Even 30 years ago, obesity was not considered a public health issue. Even as late as 1990s, obesity was only seen as a western concern, whereas undernutrition or malnutrition was more of a problem for developing nations such as India. But the fact of the matter is, obesity and excess weight is rising worldwide and people globally struggling with being overweight or obese.
According to Dr. Mira Shekar, Global Lead for Nutrition at The World Bank, in the last few decades, obesity has gone up by at least three times. Today 44% of adults across the world are either overweight or obese and for kids under five years, almost 80% who are obese or overweight live in the lower and middle-income economies of the world, which includes India.
Fast food consumption among rural adolescents increasing risk of obesity
The problem is closer to home than one thinks or cares to admit. As per the findings of NFHS 5, 33 states have reported an increase in obesity since NFHS 4 results among children aged 0-5 years [2.1% in NFHS 4 has increased to 3.4% in NFHS 5]. The problem is even more acute among adults. Traditionally, the prevalent sedentary lifestyle means higher obesity in urban India than in rural. Nevertheless, obesity among rural women aged 15-49 years has increased to 19.7% in NFHS 5 from 15% in NFHS 4, and to 19.3% among rural men in NFHS 5 from 14.3% in NFHS 4.
Mira Shekar further states that there are several reasons responsible for this rising problem, principal among them being changes in lifestyles leading to a decline in access to healthy food systems. Lower and middle-income countries need to improve their food systems, and as a starting point, policy planners need to recognise the fact that more and more women are now going out to work, which in itself is a good thing, but it also means less time to cook from scratch at home. This leads to healthy foods being replaced by unhealthy foods or snacks, especially in the diets of children and adolescents, who usually do not cook for themselves.
To explore this further in the context of rural India, Sambodhi Panels, in collaboration with Transforming Rural India Foundation (and under its Rural ThinkInsights series), have conducted a pan-India (rural) telephone-based survey covering 4174 adolescent boys and girls aged 10-19 years (coverage of 2117 aged 10-14 years and 2057aged 15-19 years). The survey specifically looked at frequency of consumption of unhealthy (junk) food by rural adolescents, the source of procurement, and location of consumption.
Consumption of 'fast food' items at least once in the past 7 days
The most consumed ‘fast food’ item among adolescents is chips/Kurkuretype of snacks with 87% having consumed the same about three times in the past 7 days. This is followed by biscuits (usually flour-based), which were consumed by every three in four adolescents around 3.5 times in the last 7 days. While sliced bread (commonly flour-based) is yet to make major inroads in a rural diet, surprisingly, over 40% of adolescents do consume instant noodles (primarily Maggi), which seems to have made heavy inroads as an alternative snacking option in rural India. This was consumed around two times in the last 7 days.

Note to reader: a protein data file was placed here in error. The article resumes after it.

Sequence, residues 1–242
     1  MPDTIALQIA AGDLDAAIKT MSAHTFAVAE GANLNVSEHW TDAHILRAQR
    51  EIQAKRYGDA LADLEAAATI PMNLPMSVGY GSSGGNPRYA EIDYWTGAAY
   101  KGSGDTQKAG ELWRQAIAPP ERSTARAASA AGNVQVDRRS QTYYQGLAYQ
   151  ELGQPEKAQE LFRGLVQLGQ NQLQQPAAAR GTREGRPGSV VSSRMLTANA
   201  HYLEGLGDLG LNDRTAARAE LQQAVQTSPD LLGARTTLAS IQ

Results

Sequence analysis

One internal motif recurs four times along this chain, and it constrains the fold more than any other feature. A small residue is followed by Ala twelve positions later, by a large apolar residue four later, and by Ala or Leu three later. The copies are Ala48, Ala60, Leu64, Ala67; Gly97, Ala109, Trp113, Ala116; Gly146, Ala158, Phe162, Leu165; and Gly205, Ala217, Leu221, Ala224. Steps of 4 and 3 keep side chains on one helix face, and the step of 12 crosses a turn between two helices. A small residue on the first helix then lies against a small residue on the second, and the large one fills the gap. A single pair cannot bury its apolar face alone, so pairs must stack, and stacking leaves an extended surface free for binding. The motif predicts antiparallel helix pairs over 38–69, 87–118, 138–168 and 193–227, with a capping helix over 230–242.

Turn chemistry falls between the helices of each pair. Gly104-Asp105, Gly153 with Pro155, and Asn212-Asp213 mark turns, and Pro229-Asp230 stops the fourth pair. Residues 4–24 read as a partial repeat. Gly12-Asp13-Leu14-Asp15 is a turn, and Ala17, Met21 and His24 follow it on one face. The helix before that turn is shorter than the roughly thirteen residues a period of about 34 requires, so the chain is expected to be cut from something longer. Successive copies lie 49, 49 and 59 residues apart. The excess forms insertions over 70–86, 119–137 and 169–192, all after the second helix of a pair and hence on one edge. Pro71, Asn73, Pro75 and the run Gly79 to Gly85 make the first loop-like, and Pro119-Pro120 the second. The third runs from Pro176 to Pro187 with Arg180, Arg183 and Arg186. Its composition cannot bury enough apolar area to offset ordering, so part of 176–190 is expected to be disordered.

Sugar-based sweet items, be it traditional sweets, chocolates, hard-boiled candy, or ice cream, were being consumed by one in two adolescents around 2-3 times in the past 7 days. Contrary to popular perceptions, carbonated and non-carbonated (local) soft drinks were also consumed by nearly 30% of adolescents, around twice a week.
Frequency of consumption
Apart from quantum of consumption, it is also important to present the source of procurement and consumption. The survey found that for all these ‘fast foods’, home is the primary source of procurement (where the adolescent had been given the item). Further, for biscuits, instant noodles, sliced bread, namkeens like chips, and sweet treats like chocolates, candy, and ice cream were also bought from a local store, or bought from a local hawker/vendor/thelawala (in combination ranging between 10-45%). Soft drinks and sweets, to a lesser extent, are offered at a friend’s or relation’s home and consumed there as well.
Regarding the place of consumption, overwhelmingly for 4 out of the 7 ‘fast food’ items, the major share of the consumption took place at home. Namkeens (in the form of chips and other salty snacks) are consumed primarily outside of school or home or within the school. Similar trends were reported for both sweetened soft drinks as well as chocolates/candy/ice cream.
Given that home is a principal point of consumption, a concentrated awareness campaign targeting parents is the likely way forward.
The obesity problem is not just a personal problem -it can have a huge effect on the local and global economy. Obesity can lead to non-communicable diseases, like cardiovascular cancers and diabetes. It also means higher healthcare costs, higher absenteeism from work, and lower productivity. The World Bank has been prescribing several means to address this problem, including taxation on unhealthy foods, namely sugar-sweetened items like soft drinks and high-fat foods, and front-of-package labelling, especially on processed foods. Perhaps it is time for India to sit up and listen.